## 3.2 Data structures

### 3.2.1 Comparing time series and longitudinal data

Temporal data problems often fall into two types of analysis, time series and longitudinal. Both of these may have similar data input, but the representation for modeling is typically different. Time series analysis tends to focus on the dependency within series, and the cross-correlation between series. Longitudinal analysis tends to focus on overall temporal patterns across demographic or experimental treatment strata, that incorporates within subject dependency.

Time series can be univariate or multivariate, and require relatively long lengths (i.e., large $$T$$) for modeling. With this large $$T$$ property, the series can be handled as stochastic processes for the primary purposes of forecasting and characterizing temporal dynamics. Due to an expectation of regularly spaced time, and equal lengths across series, multivariate time series are typically assumed to be in the format where each column contains a single time series, and time is specified implicitly. This also implies that data are columns of homogeneous types: either all numeric or all non-numeric. It can be frustrating to wrestle data from its original format to this modeling format. The format could be considered to be model-centric, rather than data-centric, and thus throws the analyst into the deep end of the pool, rather than allowing them to gently wade to the modeling stage from the shallow end. The expectation is that the “model” is at the center of the analytical universe. This is contrary to the tidyverse conceptualization (Figure 3.1), which holistically captures the data workflow. More support needs to be provided, in the form of consistent tools and data structures, to transform the data into the analytical cycle.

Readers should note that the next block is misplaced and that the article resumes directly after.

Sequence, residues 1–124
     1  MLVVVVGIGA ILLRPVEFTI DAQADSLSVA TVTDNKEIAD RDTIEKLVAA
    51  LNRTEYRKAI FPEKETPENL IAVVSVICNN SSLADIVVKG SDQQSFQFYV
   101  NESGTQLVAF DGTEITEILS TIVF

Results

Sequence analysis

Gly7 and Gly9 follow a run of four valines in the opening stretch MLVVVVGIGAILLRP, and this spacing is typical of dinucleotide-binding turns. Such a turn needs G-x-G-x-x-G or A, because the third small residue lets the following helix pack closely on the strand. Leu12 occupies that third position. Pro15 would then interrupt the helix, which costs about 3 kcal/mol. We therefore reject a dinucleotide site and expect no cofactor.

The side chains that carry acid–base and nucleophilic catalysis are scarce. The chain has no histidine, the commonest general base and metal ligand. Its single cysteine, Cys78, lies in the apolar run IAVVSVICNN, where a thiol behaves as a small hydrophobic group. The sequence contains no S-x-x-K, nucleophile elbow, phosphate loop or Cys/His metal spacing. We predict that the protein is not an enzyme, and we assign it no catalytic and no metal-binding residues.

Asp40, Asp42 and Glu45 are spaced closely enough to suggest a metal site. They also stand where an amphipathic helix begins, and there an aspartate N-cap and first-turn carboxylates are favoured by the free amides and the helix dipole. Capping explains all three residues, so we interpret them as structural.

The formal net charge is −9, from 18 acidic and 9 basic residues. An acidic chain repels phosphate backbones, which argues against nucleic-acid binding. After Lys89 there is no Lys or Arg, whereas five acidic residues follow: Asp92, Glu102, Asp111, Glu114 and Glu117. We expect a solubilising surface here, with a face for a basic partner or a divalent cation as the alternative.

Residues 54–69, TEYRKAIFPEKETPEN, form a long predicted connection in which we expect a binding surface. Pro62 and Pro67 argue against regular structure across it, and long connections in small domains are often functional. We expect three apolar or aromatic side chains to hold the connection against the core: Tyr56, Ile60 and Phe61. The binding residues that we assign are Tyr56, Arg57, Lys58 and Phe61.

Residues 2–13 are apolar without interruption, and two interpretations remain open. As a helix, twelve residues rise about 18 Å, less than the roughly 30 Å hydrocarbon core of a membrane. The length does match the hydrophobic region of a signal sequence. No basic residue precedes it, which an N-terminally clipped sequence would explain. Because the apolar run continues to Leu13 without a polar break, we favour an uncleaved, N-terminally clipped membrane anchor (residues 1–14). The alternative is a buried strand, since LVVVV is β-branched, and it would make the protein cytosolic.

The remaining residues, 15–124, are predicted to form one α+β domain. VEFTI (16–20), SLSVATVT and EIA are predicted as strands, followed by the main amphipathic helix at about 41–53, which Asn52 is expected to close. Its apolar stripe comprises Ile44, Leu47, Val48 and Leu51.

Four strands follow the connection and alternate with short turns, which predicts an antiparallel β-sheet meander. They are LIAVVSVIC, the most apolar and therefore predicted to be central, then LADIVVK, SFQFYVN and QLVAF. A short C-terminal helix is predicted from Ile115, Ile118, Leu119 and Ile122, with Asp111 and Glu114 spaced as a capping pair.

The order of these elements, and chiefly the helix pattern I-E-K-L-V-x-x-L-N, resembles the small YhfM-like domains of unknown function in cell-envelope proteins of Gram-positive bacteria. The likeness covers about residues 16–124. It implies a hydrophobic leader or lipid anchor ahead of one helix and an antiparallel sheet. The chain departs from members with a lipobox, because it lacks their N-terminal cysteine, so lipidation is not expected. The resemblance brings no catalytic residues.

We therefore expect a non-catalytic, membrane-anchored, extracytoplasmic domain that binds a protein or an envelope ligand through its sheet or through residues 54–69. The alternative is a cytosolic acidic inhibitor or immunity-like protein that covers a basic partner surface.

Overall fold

Longitudinal data (or panel data) typically assumes fewer measurements (small $$T$$) over a large number of individuals (large $$N$$). It often occurs that measurements for individuals are taken at different time points, and in different quantities. The primary format required for modeling is stacked data, blocks of measurements for each individual, with columns indicating panels, times of measurement and the measurements themselves. An appealing feature is that data is structured in a semantic manner with reference to observations and variables, with panel and time explicitly stated.

### 3.2.2 Existing data standards

In R (R Core Team 2018), time series and longitudinal data are of different representations. The native ts object and the enhancements by zoo (Zeileis and Grothendieck 2005) and xts (Ryan and Ulrich 2018), assemble time series into wide matrices with implicit time indexes. If there are multiple sub-groups, such as country or product type, these would be kept in different data objects. A relatively new R package tibbletime (Vaughan and Dancho 2018b) proposed a data class of time tibble to represent time series in heterogeneous long format. It only requires an index variable to be declared. However, this is insufficient, and a more rigid data structure is required for temporal analytics and modeling. The plm (Croissant and Millo 2008) and panelr (Long 2019) packages both manage longitudinal data in long format.